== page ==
After gaining an Honours degree in Graphic Design and a Post Grad qualification in Education, London born Marcus Bolt worked alternatively as designer and art teacher until turning freelance in the early 90s. He currently works as a designer, artist and writer. He has authored two books ('Saving Grace' (2001) a book about his 30+ years as a Subud member, aimed at enquirers; 'Monkey Trap' (2004) a psycho-spiritual novel and 4 books of 'Subud humour', co-authored with Dirk Campbell. He is currently working on a book about the psychoanalytic techniques of Alfred Adler in which he trained as an Adlerian Counsellor. Marcus is married with two daughters and three grandsons, and was opened in 1968. In his spare time, he takes photographs like Buddy Rich and drums like Cartier-Bresson. In 1994 he and his wife Rosalyn became live-in caretakers of a Subud centre in the UK. The experience of being summarily dismissed from this post after 10+ years, the inner difficulties that ensued and the subsequent healing process are at the heart of Marcus' article and are the main drivers of his wish to be involved in this and other Subud forums. He and his wife are still helpers and fully-committed members despite their negative Subud experiences.
Our corporate goal is 'susila' or humane-ness, but we have not yet achieved it as demonstrated by our mistakes, failures, internecine wrangling and a large pool of disaffected and ex-members. This in itself is not a problem, we are in process and 'it must out'. The real blockage to 'susila' is our corporate culture of cover-up and our inability to openly discuss the 'dark side', preferring to present a 'squeaky clean' image of ourselves to ourselves and the world. Using a personal experience of 'betrayal' by group and National for which there was no mechanism for analysis, no space for discussion and no accountability, the author explains how he eventually arrived on the royal road to forgiveness through a reconciliation meeting. The author then calls for more openness, more honesty in the future through discussion groups and internet forums.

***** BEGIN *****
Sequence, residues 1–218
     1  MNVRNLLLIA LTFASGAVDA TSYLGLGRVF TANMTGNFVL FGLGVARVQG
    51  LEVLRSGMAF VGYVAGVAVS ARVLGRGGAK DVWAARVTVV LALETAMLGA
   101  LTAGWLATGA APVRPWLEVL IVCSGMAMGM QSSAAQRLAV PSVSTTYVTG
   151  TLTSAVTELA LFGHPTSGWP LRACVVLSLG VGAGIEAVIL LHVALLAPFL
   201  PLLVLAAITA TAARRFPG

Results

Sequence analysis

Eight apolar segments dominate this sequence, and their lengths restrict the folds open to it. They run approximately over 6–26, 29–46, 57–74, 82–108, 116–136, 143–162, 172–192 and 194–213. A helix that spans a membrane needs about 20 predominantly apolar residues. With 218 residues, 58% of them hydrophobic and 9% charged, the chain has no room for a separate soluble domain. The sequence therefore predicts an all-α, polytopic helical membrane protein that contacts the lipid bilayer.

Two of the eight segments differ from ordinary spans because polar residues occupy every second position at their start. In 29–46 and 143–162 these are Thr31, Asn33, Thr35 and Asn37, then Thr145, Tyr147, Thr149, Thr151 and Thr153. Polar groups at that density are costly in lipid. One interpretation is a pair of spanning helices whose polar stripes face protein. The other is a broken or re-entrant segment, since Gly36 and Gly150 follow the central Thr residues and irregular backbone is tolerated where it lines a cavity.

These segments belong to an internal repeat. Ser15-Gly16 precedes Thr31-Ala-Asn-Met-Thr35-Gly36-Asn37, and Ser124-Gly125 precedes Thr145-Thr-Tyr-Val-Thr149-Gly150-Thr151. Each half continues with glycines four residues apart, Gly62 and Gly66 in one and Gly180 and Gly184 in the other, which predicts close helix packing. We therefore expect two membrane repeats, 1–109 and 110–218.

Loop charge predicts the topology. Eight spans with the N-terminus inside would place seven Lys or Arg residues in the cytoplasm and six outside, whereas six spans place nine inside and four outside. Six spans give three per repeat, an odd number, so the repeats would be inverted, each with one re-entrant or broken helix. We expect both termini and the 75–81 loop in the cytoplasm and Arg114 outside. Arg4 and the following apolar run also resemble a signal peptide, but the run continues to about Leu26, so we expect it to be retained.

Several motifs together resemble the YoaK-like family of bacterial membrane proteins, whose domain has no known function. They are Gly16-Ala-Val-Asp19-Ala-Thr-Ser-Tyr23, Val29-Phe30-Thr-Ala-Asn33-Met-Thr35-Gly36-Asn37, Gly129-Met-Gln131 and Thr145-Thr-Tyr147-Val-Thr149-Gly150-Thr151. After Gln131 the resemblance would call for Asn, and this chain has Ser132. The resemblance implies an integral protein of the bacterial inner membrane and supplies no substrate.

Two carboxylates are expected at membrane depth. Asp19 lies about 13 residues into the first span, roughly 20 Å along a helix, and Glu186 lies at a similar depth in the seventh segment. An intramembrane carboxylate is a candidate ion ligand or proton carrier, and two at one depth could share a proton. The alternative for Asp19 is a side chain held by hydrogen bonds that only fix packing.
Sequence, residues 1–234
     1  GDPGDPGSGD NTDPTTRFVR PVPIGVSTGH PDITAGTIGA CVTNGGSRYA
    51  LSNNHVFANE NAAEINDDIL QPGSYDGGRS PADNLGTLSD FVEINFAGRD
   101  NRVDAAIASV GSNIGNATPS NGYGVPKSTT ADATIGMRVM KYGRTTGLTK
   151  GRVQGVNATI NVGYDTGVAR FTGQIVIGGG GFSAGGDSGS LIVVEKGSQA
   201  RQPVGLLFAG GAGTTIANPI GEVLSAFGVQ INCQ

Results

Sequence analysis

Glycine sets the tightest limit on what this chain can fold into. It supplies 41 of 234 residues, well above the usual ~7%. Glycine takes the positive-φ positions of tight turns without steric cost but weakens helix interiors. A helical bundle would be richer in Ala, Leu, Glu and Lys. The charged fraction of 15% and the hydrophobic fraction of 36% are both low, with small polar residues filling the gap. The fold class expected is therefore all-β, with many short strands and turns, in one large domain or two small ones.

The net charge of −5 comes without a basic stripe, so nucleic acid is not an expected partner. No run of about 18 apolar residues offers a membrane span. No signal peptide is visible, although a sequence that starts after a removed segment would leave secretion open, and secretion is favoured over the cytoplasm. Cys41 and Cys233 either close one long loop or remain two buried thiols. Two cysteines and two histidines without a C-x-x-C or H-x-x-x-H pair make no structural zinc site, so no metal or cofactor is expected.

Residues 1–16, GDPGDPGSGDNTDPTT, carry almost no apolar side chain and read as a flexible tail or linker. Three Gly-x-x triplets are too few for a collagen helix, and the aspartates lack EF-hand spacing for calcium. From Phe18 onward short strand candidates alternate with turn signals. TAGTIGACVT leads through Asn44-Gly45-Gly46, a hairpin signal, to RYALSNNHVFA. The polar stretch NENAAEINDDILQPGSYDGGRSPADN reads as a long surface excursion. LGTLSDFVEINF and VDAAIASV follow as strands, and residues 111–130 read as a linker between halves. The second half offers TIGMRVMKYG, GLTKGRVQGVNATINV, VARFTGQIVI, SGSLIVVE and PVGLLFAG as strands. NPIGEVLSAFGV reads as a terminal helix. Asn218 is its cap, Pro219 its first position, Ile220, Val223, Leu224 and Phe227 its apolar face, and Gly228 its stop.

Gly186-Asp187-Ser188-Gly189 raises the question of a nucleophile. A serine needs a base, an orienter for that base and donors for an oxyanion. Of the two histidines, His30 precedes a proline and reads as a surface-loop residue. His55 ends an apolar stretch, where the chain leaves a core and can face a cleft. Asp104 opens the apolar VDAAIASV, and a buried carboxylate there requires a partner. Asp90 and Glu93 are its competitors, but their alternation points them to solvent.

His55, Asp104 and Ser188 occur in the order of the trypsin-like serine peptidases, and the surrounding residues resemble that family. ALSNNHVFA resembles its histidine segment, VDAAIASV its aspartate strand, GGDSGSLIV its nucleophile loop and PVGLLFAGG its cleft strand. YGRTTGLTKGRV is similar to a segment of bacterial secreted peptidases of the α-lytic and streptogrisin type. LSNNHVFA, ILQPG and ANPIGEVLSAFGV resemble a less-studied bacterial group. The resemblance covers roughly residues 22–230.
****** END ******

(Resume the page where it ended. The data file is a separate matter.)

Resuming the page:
Bapak introduced the idea of Subud enterprise 50 years ago and over the years his talks often defined and refined the concept into a set of goals. Half a century later, none of the goals have been achieved. The author sets out his personal observations from 30 years of involvement with Subud enterprises, and deduces that a lack of integrity (or susila) has been the main cause of failure. He compares Subud with the Quakers, who have succeeded, and suggests a different modus operandi should the enterprise concept ever be revisited.?
All?organisations evolve, and will eventually reach an evolutionary apogee and die unless they change and adapt. Subud is no exception and the symptoms of entropy are already here (cult-like behaviour/religiosity/dogma). Bapak understood this and exhorted us not to copy him, but to find our own way to God. Like all good teachers, he wanted us to go further. The author thanks Bapak for his foundation and discusses the 'bigger Subud' Bapak hoped for.
The author revisits a familiar Subud metaphor once used by Varindra Vittachi and looks at its implications for the way Subud has developed in recent years.
The seven things I like about Subud.
Marcus asks if the failure is due more to a waning of the original power, caused by our having turned Subud into a religious cult, and suggests that without a 'reformation', we could, like the pet shop owner in the famous Monty Python sketch, end up extolling the virtues of what is, in reality, a 'dead parrot'.
Getting the balance right.
Are we projecting the wrong image to the world?
Opening the door to the ‘deep stuff’.
A 43 years journey from Stevenage to Ancient Greece
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